True to the credo, HP’s instruments and computers were more bought than sold, paid for by one’s employer (invariably some sort of lab). HP had no empathy for individual users; it saw no profit in marketing to “mere mortals”. According to one persistent industry joke, HP was so inept at marketing that if they sold sushi, they would position it as “a small ball of cold rice surmounted by a piece of dead fish”.

An example: In 1977, HP created the visionary HP-01 calculator watch (picture from the refreshingly old-school Museum of HP Calculators):

A technical tour de force, the HP-01 contained six IC chips for an equivalent of 38,000 transistors. (For comparison, the 6502 microprocessor inside the contemporaneous Apple computer had fewer than 4,000 transistors.) But to HP, a watch isn’t a computer; it was only sold in…high-end jewelry stores.

Another example: The brilliant HP-35 was only sold by direct mail. Why? Not enough margin was the official explanation, although the real reason was that the company was simply indifferent to, and ignorant of, the retail business.

At HP France, I found a way around the edict: I got a Paris slide-rule retailer to collect customers’ mail-order forms against a measly commission authorized by my bosses. Orders flooded in and, at a trade show where actual selling was forbidden, we rented a small store just outside the building and delivered machines to eager customers.

In the mid-70’s things began to change. Apple started in 1976, Microsoft in 1975. They were part of a movement fueled by the advent of affordable 8-bit microprocessors from MOS Technology, Motorola, and, most notably, Intel. Ohio Scientific, Victor, Commodore Tandy… dozens of microcomputer companies sprouted in the late-70’s. As noted in the Hewlett-Packard Wikipedia page, Steve Wozniak designed the Apple I while at HP and gave the company first right of refusal. Wozniak said HP turned him down five times…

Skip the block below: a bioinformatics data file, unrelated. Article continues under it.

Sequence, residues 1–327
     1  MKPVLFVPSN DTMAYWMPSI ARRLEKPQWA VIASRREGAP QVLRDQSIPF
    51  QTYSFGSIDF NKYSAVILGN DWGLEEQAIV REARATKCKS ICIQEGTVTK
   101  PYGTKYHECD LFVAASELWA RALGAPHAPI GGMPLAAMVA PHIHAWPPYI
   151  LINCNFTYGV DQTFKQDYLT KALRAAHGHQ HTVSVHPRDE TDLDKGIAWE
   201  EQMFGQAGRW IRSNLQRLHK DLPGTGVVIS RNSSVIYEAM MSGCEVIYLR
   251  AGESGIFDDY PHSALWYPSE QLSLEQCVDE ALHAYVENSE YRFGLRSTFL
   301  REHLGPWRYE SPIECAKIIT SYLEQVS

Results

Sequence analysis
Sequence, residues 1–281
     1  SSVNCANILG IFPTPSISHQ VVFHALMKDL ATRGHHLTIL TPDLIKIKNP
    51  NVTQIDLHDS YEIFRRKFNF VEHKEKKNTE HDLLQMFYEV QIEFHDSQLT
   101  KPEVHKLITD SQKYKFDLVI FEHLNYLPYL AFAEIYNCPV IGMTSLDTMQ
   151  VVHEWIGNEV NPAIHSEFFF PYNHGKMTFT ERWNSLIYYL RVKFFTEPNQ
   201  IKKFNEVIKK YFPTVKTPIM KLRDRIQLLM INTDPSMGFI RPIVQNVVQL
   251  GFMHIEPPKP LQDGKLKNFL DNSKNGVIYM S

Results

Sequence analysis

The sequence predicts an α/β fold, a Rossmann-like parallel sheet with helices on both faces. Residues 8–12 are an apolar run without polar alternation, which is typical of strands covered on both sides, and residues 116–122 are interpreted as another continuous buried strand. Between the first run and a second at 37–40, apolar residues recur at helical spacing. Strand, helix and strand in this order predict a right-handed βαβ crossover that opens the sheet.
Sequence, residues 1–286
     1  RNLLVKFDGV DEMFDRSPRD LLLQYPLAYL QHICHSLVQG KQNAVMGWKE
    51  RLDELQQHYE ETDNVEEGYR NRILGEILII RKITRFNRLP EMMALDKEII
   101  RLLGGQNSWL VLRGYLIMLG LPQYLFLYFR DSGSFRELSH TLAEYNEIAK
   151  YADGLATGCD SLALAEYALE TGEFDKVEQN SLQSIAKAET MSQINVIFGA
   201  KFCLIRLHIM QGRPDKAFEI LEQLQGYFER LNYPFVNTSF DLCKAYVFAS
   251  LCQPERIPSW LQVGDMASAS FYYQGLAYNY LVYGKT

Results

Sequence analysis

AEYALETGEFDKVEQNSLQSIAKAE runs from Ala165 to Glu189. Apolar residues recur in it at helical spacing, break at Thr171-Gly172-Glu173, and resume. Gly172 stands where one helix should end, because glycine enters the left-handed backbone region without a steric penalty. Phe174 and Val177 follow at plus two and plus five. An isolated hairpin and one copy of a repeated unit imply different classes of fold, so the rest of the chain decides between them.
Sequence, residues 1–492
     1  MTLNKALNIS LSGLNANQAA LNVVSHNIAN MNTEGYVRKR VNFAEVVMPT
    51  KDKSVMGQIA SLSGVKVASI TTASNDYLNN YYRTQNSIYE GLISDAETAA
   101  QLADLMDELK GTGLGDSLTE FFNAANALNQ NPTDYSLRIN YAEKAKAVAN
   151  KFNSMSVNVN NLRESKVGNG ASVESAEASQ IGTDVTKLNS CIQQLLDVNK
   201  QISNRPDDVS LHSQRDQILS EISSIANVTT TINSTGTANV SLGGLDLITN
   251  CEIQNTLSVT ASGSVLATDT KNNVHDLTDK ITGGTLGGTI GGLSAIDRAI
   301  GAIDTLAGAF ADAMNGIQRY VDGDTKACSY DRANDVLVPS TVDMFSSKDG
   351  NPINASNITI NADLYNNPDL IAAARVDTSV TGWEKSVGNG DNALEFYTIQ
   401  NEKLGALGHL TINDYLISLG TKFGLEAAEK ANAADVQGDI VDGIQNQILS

Indeed, why would HP want a puny, 8-bit, home-brew machine? It already had a “personal computer”, its ultra-sophisticated 9800 line culminated with at 16-bit 9830 with optional modules for terminal emulation and matrix computations and compatibility with hard disks from the company’s minicomputer line. It was clearly superior…but at $10K or more it failed the true PC test: a machine you could lift with you arms, your mind, and your credit card.

We’re left with a mystery: Up through the mid-70’s, HP was unequalled in its creation of a world-class line of desktop and mobile computers, including a Because We Can smartwatch. Then, nothing. Other computer companies caught on quickly: In 1976, Data General saw the tide was turning and rushed their 16-bit microNOVA design down the street to their Sunnyvale factory. Despite not lacking access to money, people or industry connections, HP didn’t see fit to design its own 16-bit microprocessor.

Why?

Jumping outside of tech, consider the world-class Volkswagen Golf introduced in 1974 to replace the beloved but outdated Beetle, in and of itself a perilous exercise. But the most remarkable story unfolds as, year after year, VW keeps improving the Golf without corrupting its identity, gestalt if you prefer: a sexy, modern small car — but not a boring appliance. VW never lost the plot. But HP did.

Blinded by its loyalty to engineers and its infatuation with the ozone of the lab, HP couldn’t see that it was about to be pacmanned by “inferior” products. To paraphrase Saint-Exupery, HP’s heart couldn’t see “it”, the future of desktop and mobile computers. Then they lost themselves in the pursuit of bigger minicomputers that were exterminated by the likes of Sun Microsystems — which would later fall to servers built on PC derivatives.

HP had the means, but one or more leaders must have lost the desire.

We now have the modest, stable $7.6B Agilent, the hard-to-characterize $29B HP Enterprise “solutions” business, and HP Inc, the $52B PC and printers business. Yes, the baton was dropped by HP’s recent Board and CEOs, but the blindness goes back decades.

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Future "50 Years In Tech" Notes will appear at variable intervals, interleaved with more contemporaneous topics.

— JLG@mondaynote.com